In a world where digital screens broadcast the show at will, a handful of Egyptian puppeteers still trigger laughter from spectators, especially children, by telling the ancestral exploits of the Aragoz.
Wooden head, conical hat, big black eyes and painted mustache, is it Aragoz, the little glove puppet from the depths of the ages that brightens up the little ones.
« Aragoz is not a toy or something that is made fun of. Aragoz lets the audience laugh so they can be happy, « said Sabry Metawly, veteran puppeteer.
For ten years, the Wamda troupe has organized free performances and workshops every week, which can rally up to 200 people, in Beit al-Sehimi an Ottoman mansion restored and transformed into a cultural center.
Although they make people laugh, the stories told by these puppeteers are also full of moral lessons.
« In addition, Aragoz represents the culture of joy and pleasure, which is what makes people laugh despite all the suffering they face in their lives, » said Nabil Bahgat, founder of the Wamda troupe.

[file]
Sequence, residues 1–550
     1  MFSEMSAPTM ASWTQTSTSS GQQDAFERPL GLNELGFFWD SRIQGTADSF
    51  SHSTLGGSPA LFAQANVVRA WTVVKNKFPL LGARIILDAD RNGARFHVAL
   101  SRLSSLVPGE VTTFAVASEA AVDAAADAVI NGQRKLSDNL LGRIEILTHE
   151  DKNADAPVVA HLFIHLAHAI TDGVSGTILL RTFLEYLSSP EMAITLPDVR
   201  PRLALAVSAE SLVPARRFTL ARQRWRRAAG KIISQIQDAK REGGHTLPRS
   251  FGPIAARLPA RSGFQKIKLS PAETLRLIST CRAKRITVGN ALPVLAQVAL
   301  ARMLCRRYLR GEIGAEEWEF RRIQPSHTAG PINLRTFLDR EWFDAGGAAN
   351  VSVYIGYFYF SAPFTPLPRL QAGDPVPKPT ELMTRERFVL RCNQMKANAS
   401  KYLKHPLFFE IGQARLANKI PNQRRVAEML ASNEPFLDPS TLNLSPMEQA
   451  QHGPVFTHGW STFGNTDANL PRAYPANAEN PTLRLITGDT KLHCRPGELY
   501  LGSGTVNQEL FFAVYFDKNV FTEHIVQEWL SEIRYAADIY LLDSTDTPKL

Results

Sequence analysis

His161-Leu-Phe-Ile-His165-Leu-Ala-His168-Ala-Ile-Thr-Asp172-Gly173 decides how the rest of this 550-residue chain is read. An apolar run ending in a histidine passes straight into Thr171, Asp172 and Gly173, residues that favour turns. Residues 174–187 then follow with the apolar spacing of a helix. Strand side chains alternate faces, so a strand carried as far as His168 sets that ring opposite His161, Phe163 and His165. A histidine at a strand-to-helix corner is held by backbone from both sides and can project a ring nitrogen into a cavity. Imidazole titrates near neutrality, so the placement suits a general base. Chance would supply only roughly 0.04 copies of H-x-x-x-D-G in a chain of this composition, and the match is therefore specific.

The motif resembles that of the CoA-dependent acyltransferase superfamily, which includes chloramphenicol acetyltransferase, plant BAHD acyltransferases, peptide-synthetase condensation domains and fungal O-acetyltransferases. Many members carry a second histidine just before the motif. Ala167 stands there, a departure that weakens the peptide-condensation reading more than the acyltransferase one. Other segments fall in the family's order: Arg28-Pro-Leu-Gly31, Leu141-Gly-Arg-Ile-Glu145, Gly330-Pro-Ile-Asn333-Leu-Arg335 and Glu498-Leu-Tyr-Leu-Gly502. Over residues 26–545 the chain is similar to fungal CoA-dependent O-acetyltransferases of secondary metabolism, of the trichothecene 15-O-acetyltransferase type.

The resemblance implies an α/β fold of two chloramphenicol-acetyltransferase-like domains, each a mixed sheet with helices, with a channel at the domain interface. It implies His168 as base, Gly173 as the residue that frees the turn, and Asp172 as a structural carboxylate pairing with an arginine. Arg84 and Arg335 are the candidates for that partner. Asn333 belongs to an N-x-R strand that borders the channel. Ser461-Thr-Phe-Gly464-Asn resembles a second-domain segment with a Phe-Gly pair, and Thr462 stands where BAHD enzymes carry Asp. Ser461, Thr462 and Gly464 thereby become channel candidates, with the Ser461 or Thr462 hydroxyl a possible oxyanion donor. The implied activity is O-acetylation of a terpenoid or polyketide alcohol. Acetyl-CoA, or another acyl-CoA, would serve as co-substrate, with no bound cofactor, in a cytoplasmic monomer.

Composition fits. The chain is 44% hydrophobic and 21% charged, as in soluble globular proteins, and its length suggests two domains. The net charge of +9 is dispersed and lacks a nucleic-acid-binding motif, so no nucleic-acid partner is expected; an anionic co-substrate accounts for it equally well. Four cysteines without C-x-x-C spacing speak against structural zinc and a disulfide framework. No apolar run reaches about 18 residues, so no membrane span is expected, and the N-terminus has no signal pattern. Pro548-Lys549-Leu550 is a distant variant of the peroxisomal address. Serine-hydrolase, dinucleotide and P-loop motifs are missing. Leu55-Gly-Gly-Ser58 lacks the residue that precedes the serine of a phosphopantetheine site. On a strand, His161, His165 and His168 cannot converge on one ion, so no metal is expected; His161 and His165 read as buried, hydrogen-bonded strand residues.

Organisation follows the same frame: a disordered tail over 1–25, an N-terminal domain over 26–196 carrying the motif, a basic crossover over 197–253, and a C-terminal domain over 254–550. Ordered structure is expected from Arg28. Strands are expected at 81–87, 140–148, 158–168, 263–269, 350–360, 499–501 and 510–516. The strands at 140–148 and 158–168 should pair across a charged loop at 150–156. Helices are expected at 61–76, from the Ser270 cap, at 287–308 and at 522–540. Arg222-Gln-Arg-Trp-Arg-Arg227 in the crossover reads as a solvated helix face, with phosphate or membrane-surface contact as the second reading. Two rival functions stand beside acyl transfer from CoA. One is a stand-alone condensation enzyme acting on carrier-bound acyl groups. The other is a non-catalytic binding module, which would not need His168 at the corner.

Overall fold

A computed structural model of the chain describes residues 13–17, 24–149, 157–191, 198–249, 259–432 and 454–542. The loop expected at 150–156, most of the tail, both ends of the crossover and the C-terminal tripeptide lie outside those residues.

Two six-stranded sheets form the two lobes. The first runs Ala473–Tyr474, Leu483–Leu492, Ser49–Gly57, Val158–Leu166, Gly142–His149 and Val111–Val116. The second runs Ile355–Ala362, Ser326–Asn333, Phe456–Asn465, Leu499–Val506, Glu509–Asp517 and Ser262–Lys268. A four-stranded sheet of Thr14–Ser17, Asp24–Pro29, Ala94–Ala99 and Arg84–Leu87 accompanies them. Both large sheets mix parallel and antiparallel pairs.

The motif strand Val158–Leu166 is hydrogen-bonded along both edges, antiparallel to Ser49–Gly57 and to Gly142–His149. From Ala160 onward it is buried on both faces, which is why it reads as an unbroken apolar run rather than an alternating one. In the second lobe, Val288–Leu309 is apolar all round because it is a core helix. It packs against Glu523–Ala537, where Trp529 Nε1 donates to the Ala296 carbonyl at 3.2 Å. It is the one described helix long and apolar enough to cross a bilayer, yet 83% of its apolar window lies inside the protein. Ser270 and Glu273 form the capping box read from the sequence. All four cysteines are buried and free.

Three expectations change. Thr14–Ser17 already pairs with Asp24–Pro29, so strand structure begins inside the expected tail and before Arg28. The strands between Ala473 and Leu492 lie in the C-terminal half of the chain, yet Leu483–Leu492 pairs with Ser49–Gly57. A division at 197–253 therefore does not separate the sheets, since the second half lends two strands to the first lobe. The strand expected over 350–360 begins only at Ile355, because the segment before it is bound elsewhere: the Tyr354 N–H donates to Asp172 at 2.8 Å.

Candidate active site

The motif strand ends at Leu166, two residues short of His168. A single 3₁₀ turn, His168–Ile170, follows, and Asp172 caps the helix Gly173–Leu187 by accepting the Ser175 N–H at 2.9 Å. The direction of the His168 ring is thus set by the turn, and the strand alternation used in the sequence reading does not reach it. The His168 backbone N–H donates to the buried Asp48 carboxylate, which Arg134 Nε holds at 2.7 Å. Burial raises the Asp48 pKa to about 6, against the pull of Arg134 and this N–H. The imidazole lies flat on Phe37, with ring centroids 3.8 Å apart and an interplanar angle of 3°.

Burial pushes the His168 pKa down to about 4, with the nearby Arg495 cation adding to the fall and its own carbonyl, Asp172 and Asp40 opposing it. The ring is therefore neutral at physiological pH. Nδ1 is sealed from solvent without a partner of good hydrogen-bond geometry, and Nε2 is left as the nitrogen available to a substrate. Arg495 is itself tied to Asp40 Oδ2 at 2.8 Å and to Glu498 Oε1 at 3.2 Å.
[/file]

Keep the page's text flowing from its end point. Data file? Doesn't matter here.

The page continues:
Even if the rural festivals or the Muslim popular festivals sometimes still host amateur shows of Aragoz tradition, and more and more people in Egypt are interested in this type of show, only Wamda still practices the discipline assiduously and in the rules of art.
“Currently, many people are trying to enter this profession, especially after it has been recognized as a global art, Egyptian and Arabic, and also after the verification of its roots and its importance in relation to the subjects it tackles ”, explains Mahmoud Sayed, member of the Aragoz Wamda troupe.
But the founder of Wamda wants to see his troupe become a full-fledged company in the future.
In October, Egypt’s most famous puppeteer, Mostafa Othman, whose nickname was « Am Saber » (uncle Saber), died at the age of 80.